The research takes place in Lima, Peru, Latin America and aims to portray understandings and perceptions of children’s happiness, and place experiences of children’s mobility related to positive wellbeing within a challenging context constantly changing by poverty, inequality, economic development, and discrimination on terms of race and sex.

Twitter: @majealfaro  Webpage: www.urbanwb.com

 

Amy Walker (A.L.Walker.1@pgr.bham.ac.uk)

Project Title: Children's Experience of Mobility in Post-Separation Families: Intimacy, Home and Journeying

Funded by the ESRC, Supervised by Professor Peter Kraftl and Dr Sophie Hadfield-Hill

Amy Walker is doctoral researcher interested in the geographies and mobilities of children and young people with separated parents. Using a combination of in-depth interviews and visual/audio methods, her research explores young people’s experiences of journeying between their parents houses. Taking journeying to encompass moments of preparing, leaving, travelling and arriving, the research will explore the varying spatial, material and temporal configurations of these journeys and their entanglements with the emotions, affects, moods, intimacies and distances produced when mobile.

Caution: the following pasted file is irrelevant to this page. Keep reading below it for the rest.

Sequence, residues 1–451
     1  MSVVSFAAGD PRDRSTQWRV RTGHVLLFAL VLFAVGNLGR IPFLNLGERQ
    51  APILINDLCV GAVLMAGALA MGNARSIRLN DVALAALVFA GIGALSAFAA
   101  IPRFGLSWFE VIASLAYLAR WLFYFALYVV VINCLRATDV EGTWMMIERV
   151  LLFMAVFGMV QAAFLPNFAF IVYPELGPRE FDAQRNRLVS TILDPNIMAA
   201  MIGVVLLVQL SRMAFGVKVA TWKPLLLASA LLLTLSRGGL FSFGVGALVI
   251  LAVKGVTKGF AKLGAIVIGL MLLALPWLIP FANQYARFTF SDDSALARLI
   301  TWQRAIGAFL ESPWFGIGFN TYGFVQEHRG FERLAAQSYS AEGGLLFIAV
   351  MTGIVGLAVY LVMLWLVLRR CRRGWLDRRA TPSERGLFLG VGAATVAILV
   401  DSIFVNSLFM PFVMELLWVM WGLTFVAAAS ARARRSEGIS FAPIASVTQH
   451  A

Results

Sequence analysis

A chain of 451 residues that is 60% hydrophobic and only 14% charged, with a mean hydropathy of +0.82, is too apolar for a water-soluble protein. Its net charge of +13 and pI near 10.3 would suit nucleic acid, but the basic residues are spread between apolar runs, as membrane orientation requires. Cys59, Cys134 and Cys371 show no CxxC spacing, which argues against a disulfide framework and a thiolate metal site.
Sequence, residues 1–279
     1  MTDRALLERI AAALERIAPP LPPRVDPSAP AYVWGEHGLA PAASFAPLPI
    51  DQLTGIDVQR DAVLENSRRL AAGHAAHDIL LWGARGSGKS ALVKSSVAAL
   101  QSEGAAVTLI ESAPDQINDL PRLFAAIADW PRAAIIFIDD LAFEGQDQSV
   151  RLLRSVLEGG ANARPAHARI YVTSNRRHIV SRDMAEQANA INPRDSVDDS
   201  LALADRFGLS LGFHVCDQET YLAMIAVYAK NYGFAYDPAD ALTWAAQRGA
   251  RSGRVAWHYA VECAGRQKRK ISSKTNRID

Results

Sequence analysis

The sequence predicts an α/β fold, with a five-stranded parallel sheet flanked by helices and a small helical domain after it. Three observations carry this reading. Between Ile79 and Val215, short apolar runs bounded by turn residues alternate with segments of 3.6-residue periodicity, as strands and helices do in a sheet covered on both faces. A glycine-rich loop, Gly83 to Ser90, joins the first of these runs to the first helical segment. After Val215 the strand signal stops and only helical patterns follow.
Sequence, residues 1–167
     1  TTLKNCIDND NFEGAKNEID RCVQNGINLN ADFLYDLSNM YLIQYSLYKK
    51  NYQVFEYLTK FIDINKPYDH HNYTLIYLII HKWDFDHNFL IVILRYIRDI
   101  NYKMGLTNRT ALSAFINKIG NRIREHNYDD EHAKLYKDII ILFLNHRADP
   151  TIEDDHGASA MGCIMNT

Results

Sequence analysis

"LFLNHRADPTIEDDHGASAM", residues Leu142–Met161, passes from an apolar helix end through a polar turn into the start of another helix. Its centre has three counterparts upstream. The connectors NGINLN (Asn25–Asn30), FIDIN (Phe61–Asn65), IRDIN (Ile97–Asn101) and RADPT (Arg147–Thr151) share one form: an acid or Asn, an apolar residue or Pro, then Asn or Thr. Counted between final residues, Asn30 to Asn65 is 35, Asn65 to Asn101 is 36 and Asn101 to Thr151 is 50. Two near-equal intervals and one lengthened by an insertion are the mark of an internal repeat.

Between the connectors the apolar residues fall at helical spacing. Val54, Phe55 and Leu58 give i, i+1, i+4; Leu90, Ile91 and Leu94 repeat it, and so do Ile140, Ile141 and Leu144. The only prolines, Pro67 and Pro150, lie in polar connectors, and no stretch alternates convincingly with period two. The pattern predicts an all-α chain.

It will therefore ask questions of the practices and processes established to manage these complex geographies. Whilst also exploring the ways in which this journeying shapes, and is shaped by, children's relationships with their family members, their home-making practices, and the degree and forms of agency they are able to exercise.

 

Stuart Bowles (SRB656@student.bham.ac.uk)

Project title: Can Alternative Currencies Support Decentralised Renewable Energy?

Funded by the ESRC, supervised by Dr Rosie Day and Dr John Round.

Stuart is researching potential relationships between alternative currency systems and a transition to sustainability. Alternative currencies include local examples; Bristol Pound, Chiemgauer and Sardex, alongside global examples; Bitcoin and Ethereum. Relationships may include using local currencies to fund energy efficiency improvements, localise supply chains or raise finance for renewable energy. The “blockchain” technology behind Bitcoin may support distributed ownership, automated grid systems and currency “backed” by energy.